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  • Generator for basic wedding ceremony use with PRX system

    Hey all,



    I am getting more of a need to use generators for remote wedding ceremony's who I hire part of my PA system to. The PA hire for a wedding ceremony usually consists of:

    • 2 x PRX612's

    • 1 x small basic mixer such as the A&H ZED60-10FX or Peavey PV8

    • 1 x Wireless microphone - Line6 XD-V55



    The couple of times I have used a generator they have been 4kVA or larger as there are usually a few other things running off it.



    I am looking at either investing in or hiring a much smaller generator to run only the equipment above. The 612M's would often only be at 1/4 volume, usually with some background music being played through an iPod or such.



    I have been looking at the Honda EU20i for this purpose. Would the Honda be beasty enough to run the basic equipment on my list above?



    I'm assuming the 612's would hardly ever pull 1000W each as this rating has been pulled more for a marketing side of things?



    Would appreciate some thoughts on whether the EU20i should be ok to run the above system - really appreciate your thoughts guys. It's 1/3 of the weight and obviously cheaper than the EU30is so I would prefer to go with the 20.



    Edit: If I were to buy one, I notice you can link the EU20i's with another EU20i to double your power. In the event that I needed to run more gear than my usual list, this feature would be handy as I could hire a second EU20i.



    Cheers!

  • #2
    Yes. It looks like the model sold in the USA as the "EU 2000i"; that's the one I plan on getting for my PRX gear. Mark C.
    "Good tools are expensive. Cheap tools are damned expensive."

    Comment


    • #3






      Quote Originally Posted by Miko Man
      View Post

      Yes. It looks like the model sold in the USA as the "EU 2000i"; that's the one I plan on getting for my PRX gear. Mark C.




      Yep - same one!



      Thanks for the comment, makes me confident in that I didn't miss anything obvious! What gear in particular do you plan to run of the generator?

      Comment


      • #4
        The "1000 watt" PRX really has two 500 watt class D amplifiers. The power to the 2" driver in the 612m is limited via the internal processing, and probably never sees more than 50 to 100 watts. Even at full power (which is only typically momentary with music), the generator has sufficent output for two tops. Actual power consumption will typically be substantially less.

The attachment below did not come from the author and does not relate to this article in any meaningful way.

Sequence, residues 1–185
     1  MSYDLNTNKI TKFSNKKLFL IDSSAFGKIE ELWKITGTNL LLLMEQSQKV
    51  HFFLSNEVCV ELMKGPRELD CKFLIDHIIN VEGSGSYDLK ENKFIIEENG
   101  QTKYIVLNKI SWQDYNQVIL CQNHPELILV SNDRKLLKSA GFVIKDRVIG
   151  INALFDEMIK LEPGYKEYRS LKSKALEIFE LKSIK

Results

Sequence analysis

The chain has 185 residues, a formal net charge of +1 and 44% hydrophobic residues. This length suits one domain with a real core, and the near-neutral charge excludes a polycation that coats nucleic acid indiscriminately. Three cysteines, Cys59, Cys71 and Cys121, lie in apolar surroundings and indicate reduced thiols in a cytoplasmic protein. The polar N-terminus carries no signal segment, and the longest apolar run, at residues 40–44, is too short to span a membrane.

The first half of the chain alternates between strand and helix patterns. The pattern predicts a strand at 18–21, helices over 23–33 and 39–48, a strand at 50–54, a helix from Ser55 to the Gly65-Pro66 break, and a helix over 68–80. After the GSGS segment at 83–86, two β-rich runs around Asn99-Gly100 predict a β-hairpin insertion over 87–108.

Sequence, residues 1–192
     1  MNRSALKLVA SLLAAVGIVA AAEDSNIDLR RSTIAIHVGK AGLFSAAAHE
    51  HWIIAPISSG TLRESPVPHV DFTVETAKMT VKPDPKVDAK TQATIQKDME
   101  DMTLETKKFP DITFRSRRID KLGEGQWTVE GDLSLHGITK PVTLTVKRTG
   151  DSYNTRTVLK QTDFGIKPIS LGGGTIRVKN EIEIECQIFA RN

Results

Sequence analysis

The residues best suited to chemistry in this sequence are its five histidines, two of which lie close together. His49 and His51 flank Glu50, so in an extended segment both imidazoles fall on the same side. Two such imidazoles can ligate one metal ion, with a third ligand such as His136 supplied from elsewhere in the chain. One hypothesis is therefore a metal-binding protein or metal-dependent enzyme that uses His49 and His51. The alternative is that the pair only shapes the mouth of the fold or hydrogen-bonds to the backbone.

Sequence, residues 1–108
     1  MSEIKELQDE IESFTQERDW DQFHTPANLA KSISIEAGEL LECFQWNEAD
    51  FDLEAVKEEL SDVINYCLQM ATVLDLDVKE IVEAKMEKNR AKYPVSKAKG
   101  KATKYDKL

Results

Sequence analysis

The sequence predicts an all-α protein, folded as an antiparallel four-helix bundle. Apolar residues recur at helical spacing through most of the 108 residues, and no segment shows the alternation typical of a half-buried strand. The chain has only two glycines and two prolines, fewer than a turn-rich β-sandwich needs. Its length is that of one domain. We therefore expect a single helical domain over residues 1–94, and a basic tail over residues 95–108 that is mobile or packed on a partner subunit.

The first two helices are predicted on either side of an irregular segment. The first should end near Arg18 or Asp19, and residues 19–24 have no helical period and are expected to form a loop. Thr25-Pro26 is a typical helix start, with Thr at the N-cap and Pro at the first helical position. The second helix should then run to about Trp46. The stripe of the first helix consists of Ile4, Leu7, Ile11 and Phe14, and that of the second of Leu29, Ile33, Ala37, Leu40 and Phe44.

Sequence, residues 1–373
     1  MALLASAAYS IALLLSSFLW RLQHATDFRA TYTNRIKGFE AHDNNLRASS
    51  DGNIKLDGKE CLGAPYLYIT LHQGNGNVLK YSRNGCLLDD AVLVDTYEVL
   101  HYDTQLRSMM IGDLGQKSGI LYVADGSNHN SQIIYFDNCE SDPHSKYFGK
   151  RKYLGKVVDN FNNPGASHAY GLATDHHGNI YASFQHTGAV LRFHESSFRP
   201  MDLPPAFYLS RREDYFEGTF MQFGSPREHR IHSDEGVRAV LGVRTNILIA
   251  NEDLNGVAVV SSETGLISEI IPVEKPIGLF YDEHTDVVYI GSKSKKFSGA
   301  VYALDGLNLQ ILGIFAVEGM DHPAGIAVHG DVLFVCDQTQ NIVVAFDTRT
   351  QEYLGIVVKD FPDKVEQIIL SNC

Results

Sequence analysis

However, it is also my understanding that it is a good idea to have a generator with twice the expected power consumption, in order to deal with the dynamic nature of many styles of music. I have no doubt that a pair of 612m speakers, plus a mixer and some outboard gear will be fine with that generator. For spoken word, I think that I could probably get away with four 612m tops. A pair of tops and two xlf subs for some music is probably the most I would dare try to run at moderate levels, but that's more guesswork than science (at this point). I haven't personally tried that combination, but that seems consistent with what similar threads have suggested.



        Agedhorse, care to weigh in and let me/us know if I've miscalculated? Mark C.
        "Good tools are expensive. Cheap tools are damned expensive."

        Comment


        • #5
          Good choice for the application. Plenty of genny headroom for the intended application.

          Comment


          • #6






            Quote Originally Posted by Miko Man
            View Post

            The "1000 watt" PRX really has two 500 watt class D amplifiers. The power to the 2" driver in the 612m is limited via the internal processing, and probably never sees more than 50 to 100 watts.




            Mark - this was what my thinking was based on as well. I highly doubt these speakers will ever go past 1/2 way volume wise in the application I described and will more often be less. Given the fact that my understanding of the 2" driver was similar to yours, I am comfortable with this.









            Quote Originally Posted by agedhorse
            View Post

            Good choice for the application. Plenty of genny headroom for the intended application.




            An now even more comfortable! Thanks for your input Andy, always good to have someone with your knowledge and experience pitch in with some feedback.



            There is a place in Aussie that seems to have them at a reasonable price at the moment with free shipping and a few extras if bought before Christmas. Might have to treat myself!



            The local hire places seem to hire these for $65ish per day so it wouldn't take me too long to get my monies worth, given that I usually just pass the cost on for generator hire.

            Comment


            • #7
              A 1000 watt PRX - is a thousand watts OUTPUT. Oddly - I don't think that means 1000 watts of "input draw" - for determining amperage requirements of a generator - does it? Asking here - not telling.
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              • #8
                It is interesting - the equation I have always used to figure amperage is volts x amps = watts is this right?



                Using this formula - I would "think" that a 1000 watt JBL PRX 612 operating at 110 volt line current would be drawing um -



                110 x A = 1000 devide both sides by 110 makes it 9.09 amps. But I see on the back of the PRX cabinet pictured on the JBL web site - it is rated at 5 amps.



                Using this formula - I would "think" that my yorkville NX 550 P ( 550 watt ) cabinet - operating at 110 volts would draw um -